coal in the Navajo Nation: Climate impacts, environmental perspectives

By Dalia A.E. Sanchez

To this day, our main focus as a society has been on how to profit economically throughout life. In this situation with the Navajo Nation, they have found a way to profit economically from their natural areas that contain large supplies of coal and oil. These areas have been stripped of their natural resources to provide a source of income to the Navajo Nation and jobs to those living on the Navajo reservation. Due to the harvesting and use of the coal and oil on the reservation, there have been noticeable impacts on the health of individuals living on the reservation. Along with this, the production and use of fossil fuel energies emit carbon dioxide and other harmful particles into the atmosphere which increases the impact of climate change. The safety and health of the individuals and our environment are not normally considered in great detail. In this instance, the health of both was not a primary focus when it came to the decision to produce and use fossil fuels from the Navajo Nation land. 

Climate Change Impacts:

There is a vast usage of fossil fuel energy across the United States that has led communities like the Navajo Nation to be left with relying on coal and oil production for jobs and economic vitality of their own community. The use of fossil fuels as any source of energy leads to pollution. Increases in pollution in the atmosphere are known to increase the effects of climate change. Climate change is a significant change in the climate patterns compared to usual due to the increase in carbon dioxide levels in the atmosphere produced by the use of fossil fuels. It is very often interchanged with global warming. Both are very similar as they interplay with one another, but the very definition, they are slightly different. The effects of oil and coal production can take a toll on the health of individuals and the environment. Some environmental impacts from the production and use of fossil fuels include pollution of all kinds going into the atmosphere, decreases in air and water quality, polar ice caps melting, rising earth and ocean temperatures, and increases in worsened weather patterns and natural disasters. Those most affected by the degradation of the environment and climate change effects are Indigenous people, people of color, and poor people. An example of this is the Navajo Nation. The community was able to profit economically from coal and oil production while also gaining jobs for its community members. What they did not realize was at the same time, they were not considering the concerns for potential effects on their health and the health of the environment.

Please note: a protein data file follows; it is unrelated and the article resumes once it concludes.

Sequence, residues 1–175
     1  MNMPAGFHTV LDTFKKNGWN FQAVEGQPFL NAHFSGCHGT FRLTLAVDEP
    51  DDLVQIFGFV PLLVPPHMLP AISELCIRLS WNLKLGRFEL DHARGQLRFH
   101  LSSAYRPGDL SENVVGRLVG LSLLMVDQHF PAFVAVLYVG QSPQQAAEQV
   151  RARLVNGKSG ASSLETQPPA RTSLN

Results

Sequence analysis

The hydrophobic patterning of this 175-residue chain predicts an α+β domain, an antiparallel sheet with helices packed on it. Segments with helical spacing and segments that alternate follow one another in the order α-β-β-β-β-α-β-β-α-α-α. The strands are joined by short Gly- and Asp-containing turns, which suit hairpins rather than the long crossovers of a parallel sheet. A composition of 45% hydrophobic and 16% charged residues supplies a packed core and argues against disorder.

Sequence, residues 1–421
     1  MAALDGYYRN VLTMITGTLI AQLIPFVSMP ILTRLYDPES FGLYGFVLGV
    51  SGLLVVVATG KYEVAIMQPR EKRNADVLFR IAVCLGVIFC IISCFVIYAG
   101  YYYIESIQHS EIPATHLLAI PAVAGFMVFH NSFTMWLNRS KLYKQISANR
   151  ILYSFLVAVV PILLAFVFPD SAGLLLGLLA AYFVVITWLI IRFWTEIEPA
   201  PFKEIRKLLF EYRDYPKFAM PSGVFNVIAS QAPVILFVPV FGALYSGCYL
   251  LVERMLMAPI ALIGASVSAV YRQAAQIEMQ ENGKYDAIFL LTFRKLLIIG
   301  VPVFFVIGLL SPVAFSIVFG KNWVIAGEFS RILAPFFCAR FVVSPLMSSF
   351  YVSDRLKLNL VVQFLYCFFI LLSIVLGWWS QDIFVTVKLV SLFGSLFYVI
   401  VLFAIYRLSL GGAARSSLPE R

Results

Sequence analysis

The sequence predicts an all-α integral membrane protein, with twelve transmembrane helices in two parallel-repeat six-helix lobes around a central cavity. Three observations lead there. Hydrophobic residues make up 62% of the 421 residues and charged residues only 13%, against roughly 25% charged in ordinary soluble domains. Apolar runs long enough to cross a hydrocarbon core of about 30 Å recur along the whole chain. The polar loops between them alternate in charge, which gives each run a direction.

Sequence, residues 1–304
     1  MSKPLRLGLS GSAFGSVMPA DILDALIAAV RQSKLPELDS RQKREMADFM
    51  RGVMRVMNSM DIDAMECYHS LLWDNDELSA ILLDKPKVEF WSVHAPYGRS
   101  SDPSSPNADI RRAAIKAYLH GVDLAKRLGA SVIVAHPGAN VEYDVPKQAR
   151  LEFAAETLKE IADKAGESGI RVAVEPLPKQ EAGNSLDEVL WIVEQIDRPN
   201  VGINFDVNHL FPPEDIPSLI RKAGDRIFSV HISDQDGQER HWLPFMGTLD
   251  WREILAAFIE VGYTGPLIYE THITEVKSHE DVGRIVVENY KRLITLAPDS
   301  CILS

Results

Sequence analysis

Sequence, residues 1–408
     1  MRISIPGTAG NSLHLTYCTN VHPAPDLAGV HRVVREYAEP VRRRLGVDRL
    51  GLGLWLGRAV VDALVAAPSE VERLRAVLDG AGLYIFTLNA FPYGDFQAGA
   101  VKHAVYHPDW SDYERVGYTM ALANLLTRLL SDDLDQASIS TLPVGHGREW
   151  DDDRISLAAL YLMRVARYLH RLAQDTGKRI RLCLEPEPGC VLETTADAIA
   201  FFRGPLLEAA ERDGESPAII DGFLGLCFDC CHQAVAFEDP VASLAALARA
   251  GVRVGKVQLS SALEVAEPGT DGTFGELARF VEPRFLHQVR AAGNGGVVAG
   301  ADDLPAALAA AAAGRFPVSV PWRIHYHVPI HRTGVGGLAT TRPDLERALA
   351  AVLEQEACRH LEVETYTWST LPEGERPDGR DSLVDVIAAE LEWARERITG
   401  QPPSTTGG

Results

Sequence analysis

Human Health Impacts:

Numerous health studies and reports have been done over time. An issue with connecting health issues with environmental pollution is the time and amount of pollution it can take to show visible health impacts is unknown. Scientists follow the concept that correlation does not equal causation. With that being said, there have been increases in asthma rates and severity on the Navajo Reservation. This health issue can be attributed to both indoor and outdoor pollution from coal production and use as on the reservation, coal and wood are used for heating and cooking indoors. Some examples of the indoor pollutants include home heating systems, wood-burning or coal-powered stoves, tobacco and traditional ceremonial smoke, and ambient pollutants. One comparison can be seen in the asthma rates among children in the United States compared to children on the Navajo reservation. Approximately 8% of children in the United States have asthma compared to over 13% of Navajo children. Along with this, you are more likely to have asthma and die from it if you are a female compared to being male.